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Maximizing Heart through Humanitarian Efforts

The essential mission of the head and neck humanitarian is to provide safe, efficient, thorough, and compassionate care to the underserved patient population with limited resources. But accomplishing this goal requires more than just time and compassion. This Panel Presentation will provide the experience earned from on-the-ground missions from experts in each of the most commonly represented subspecialties able to deliver humanitarian care: head and neck oncology, facial plastic and reconstruction, otology, and general otolaryngology. 

“Those who provide care in the developing world do so with the best of intentions,” said panelist Susan R. Cordes, MD. “However, without proper research and preparation, there is considerable potential for unintended consequences that could result in detriment to the patients, personnel, or the entire mission.  During this session, panelists will cover practical information for providing care. Common procedures performed during humanitarian missions will be discussed, including pearls for managing the patient pre-, intra-, and post-operatively.  Also, ethical issues are inherent in any humanitarian work, so ethical considerations will also be addressed.”

Maximizing Heart, Minimizing Headache

Today, 8:45 – 9:45 am

GWCC, Building A, Room 312

The panelists will provide must-haves and things to avoid in order to maximize care during the trip, as well as tips for efficiency in preplanning. Examples include: the most versatile surgical equipment to maximize utility, how to predict the needs of your patient population, managing complex teams with multiple specialties and disciplines, maximizing efficiency and minimizing unused resources, and surgical procedures to avoid during humanitarian trips.

It’s an important session to attend, regardless of the level of your participation in humanitarian efforts, Dr. Cordes said. 

“For those with experience providing humanitarian care, the session will provide an opportunity to learn what others are doing and identify areas for improvement,” she said. “For those who are interested in participating in humanitarian otolaryngology for the first time, it will provide invaluable practical knowledge for providing safe and effective care in low-resource settings. Finally, those who are not participating or planning to participate in humanitarian work will find the session interesting as panelists share challenging cases and how they have managed them in a resource-limited setting.”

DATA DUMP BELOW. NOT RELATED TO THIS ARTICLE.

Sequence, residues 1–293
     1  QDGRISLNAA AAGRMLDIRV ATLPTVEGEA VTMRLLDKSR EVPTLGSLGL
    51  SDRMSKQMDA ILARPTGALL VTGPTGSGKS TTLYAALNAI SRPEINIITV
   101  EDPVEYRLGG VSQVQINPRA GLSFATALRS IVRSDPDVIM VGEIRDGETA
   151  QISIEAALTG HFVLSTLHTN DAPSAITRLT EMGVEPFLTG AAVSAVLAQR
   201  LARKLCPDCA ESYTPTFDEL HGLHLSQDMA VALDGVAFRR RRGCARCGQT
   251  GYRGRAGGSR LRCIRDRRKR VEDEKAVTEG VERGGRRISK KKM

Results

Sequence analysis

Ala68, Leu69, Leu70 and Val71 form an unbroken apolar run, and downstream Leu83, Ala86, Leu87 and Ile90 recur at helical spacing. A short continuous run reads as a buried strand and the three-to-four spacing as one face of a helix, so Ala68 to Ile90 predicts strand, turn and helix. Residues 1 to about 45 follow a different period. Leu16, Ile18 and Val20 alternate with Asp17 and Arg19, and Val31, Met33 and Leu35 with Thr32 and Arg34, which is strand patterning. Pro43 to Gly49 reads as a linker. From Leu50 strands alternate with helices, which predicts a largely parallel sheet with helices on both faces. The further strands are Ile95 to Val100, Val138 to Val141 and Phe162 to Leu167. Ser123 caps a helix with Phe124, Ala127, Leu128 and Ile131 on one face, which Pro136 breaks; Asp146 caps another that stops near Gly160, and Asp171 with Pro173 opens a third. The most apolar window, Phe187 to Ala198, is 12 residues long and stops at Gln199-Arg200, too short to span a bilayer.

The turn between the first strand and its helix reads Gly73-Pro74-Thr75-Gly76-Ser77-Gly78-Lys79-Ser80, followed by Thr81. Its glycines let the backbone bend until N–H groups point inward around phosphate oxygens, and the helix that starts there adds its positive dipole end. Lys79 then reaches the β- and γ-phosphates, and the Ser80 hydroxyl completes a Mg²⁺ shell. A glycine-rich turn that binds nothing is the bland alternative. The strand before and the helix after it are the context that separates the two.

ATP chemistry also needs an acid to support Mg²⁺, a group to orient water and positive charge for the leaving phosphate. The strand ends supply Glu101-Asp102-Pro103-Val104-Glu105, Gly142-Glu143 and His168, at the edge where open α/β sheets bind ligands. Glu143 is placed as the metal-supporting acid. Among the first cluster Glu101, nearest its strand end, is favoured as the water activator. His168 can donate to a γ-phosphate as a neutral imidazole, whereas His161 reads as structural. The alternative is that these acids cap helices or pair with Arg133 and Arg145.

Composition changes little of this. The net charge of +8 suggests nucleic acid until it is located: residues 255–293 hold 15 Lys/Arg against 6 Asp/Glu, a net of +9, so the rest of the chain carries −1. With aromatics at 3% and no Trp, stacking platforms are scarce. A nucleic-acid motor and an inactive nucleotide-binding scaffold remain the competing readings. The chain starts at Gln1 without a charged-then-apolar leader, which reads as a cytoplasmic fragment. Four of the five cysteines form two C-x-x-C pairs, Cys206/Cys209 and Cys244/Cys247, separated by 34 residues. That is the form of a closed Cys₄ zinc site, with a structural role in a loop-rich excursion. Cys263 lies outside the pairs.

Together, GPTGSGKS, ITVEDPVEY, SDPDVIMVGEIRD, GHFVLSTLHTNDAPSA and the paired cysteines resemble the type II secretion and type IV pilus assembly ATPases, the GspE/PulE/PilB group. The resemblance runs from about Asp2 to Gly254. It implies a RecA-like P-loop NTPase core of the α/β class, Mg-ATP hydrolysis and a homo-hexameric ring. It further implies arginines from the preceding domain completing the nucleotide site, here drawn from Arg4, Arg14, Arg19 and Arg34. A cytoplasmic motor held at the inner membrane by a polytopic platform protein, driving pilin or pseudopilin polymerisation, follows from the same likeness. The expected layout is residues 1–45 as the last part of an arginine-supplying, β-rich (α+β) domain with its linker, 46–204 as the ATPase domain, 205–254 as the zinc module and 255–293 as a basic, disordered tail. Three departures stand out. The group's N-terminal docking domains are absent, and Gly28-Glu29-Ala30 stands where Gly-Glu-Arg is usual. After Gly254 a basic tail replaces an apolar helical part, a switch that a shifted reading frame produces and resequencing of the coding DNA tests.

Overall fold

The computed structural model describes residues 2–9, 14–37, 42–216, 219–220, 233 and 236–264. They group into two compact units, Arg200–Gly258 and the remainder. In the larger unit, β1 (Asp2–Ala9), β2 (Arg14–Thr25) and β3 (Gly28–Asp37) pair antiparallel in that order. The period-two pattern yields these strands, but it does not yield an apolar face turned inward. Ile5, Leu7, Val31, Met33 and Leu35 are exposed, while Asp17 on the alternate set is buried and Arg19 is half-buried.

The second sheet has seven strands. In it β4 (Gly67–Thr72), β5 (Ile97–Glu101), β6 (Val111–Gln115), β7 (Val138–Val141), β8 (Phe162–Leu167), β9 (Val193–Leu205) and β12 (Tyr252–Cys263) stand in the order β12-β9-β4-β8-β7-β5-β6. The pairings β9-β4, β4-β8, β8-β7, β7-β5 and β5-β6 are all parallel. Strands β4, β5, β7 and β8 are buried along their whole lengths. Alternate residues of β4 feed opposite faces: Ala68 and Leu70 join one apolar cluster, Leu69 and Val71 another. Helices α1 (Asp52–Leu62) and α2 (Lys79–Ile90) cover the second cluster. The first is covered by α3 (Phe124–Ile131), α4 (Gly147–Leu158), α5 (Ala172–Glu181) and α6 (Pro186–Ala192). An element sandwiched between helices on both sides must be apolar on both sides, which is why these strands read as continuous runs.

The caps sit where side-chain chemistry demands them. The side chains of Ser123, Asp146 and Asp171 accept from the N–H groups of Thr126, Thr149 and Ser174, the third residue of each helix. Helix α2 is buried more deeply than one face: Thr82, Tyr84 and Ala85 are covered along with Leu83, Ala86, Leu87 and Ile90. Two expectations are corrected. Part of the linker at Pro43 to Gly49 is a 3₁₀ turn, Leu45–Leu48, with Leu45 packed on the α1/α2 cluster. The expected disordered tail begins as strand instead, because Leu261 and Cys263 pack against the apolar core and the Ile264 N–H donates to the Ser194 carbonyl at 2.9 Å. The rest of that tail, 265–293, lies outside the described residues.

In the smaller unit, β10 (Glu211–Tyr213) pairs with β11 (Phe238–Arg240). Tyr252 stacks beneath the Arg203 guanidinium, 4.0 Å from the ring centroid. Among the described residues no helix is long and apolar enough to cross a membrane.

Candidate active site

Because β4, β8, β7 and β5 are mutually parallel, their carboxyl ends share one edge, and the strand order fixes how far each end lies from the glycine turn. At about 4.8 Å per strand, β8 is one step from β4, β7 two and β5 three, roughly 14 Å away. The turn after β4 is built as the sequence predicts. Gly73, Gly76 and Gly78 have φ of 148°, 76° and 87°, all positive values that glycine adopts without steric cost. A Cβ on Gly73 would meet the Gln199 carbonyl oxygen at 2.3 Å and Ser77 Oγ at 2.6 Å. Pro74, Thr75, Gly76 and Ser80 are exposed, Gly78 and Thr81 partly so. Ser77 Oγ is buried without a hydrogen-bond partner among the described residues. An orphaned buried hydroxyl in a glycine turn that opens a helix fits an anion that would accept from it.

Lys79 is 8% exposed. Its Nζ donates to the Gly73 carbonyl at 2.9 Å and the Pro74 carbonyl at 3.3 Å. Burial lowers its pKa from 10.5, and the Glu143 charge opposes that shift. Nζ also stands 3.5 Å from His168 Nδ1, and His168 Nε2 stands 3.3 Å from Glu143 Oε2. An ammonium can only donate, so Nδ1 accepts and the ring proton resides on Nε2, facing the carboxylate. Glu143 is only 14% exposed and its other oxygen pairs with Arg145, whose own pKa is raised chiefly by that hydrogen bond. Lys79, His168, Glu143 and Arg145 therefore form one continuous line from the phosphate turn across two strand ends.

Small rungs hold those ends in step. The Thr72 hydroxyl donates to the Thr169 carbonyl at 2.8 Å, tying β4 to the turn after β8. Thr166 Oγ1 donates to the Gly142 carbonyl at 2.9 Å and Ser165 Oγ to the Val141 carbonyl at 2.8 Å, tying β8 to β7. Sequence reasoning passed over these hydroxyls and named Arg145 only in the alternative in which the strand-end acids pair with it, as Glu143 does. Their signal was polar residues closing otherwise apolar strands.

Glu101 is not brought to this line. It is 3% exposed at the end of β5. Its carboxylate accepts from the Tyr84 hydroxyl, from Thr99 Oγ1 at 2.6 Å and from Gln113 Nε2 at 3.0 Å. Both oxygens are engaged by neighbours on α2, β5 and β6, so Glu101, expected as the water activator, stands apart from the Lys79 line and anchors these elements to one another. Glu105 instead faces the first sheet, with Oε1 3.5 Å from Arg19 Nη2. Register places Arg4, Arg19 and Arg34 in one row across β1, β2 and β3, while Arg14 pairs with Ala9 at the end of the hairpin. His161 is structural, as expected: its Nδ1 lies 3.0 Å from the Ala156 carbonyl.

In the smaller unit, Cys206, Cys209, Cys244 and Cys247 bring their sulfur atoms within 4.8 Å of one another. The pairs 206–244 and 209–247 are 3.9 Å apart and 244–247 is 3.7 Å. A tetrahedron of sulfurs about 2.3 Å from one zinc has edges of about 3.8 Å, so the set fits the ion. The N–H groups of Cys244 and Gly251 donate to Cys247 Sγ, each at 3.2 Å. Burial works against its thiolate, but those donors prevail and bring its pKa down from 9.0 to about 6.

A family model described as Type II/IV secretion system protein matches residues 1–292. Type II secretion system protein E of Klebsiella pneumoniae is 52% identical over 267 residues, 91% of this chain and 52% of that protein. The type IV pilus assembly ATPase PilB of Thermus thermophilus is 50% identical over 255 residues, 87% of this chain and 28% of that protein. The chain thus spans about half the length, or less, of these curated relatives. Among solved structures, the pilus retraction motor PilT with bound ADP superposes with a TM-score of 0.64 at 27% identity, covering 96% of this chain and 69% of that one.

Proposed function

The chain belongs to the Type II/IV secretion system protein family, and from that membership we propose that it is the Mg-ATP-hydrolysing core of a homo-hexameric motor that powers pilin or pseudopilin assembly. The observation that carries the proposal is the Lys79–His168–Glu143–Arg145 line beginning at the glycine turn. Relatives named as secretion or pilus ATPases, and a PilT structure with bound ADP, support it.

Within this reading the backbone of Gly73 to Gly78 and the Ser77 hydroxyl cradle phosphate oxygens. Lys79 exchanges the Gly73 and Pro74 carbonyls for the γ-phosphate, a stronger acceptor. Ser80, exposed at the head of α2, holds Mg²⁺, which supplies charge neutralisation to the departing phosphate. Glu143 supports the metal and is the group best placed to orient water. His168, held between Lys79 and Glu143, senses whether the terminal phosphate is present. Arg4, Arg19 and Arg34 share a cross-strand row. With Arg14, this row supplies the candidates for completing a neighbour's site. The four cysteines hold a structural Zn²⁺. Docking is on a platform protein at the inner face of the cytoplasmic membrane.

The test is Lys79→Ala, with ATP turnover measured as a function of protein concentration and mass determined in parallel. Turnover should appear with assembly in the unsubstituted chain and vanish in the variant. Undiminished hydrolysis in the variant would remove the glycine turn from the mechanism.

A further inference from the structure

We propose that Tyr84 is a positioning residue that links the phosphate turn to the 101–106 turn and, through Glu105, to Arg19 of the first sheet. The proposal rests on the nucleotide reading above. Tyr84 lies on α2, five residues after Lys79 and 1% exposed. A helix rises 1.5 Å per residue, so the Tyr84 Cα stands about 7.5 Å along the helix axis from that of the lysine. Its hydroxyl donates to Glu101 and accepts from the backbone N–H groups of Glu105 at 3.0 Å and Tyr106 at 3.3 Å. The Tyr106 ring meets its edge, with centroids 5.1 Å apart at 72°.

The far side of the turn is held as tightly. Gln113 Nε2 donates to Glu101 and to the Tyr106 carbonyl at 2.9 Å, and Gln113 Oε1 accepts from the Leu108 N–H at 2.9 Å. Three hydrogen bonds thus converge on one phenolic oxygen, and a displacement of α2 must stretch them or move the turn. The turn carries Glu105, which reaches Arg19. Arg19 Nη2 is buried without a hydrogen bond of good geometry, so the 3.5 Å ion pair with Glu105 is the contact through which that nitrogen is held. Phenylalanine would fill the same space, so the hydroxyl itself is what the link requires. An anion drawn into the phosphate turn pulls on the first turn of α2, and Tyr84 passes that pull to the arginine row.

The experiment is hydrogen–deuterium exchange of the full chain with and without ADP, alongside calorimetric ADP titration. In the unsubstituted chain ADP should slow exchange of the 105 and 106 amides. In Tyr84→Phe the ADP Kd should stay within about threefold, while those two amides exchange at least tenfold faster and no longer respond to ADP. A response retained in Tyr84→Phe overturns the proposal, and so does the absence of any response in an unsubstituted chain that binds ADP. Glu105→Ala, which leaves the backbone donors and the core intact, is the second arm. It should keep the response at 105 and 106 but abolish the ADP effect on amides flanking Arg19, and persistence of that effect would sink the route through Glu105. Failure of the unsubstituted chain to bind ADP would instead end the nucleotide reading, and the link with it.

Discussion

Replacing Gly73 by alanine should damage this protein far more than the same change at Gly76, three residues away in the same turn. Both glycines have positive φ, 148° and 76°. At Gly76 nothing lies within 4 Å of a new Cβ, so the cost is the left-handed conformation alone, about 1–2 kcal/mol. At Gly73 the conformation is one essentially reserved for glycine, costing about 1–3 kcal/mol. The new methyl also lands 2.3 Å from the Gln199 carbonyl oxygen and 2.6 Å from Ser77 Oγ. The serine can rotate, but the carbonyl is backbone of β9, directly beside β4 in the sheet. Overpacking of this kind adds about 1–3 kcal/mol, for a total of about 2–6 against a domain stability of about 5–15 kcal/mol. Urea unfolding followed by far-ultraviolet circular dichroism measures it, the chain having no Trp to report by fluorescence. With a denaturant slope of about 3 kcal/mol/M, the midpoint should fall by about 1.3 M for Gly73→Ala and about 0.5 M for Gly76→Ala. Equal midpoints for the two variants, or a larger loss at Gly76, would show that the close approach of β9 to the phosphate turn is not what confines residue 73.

“If conference-goers are at all interested in humanitarian efforts, this is information they would really want to know,” said panelist Gregory J. Basura, MD. “These panelists have had firsthand experience in-country with the pitfalls and trials and tribulations of doing this kind of work. We know the nuts and bolts of what to do and what not to do.”

Dr. Basura said the session is designed to help participants identify common hurdles to completing international humanitarian efforts, and to educate them on how to organize surgical strategy on humanitarian trips so they will be able to provide their own efficient care. “They will learn tips and tricks about recruitment, patient population identification, and personnel requirements, among other things,” he said. 

“As travel accessibility and communication methods improve, surgeons and other healthcare workers in record numbers are travelling to low-resource countries to provide care,” Dr. Cordes said. “Without careful preparation and knowledge, such experiences can be disappointing or even dangerous. As leaders in the healthcare community, physicians must set the example of providing such care in the most thoughtful, conscientious, and safe manner possible.  Anyone who has thought about participating in humanitarian otolaryngology should attend this session and join the discussion about how we can provide the best otolaryngology care, not just in the U.S., but around the world.”

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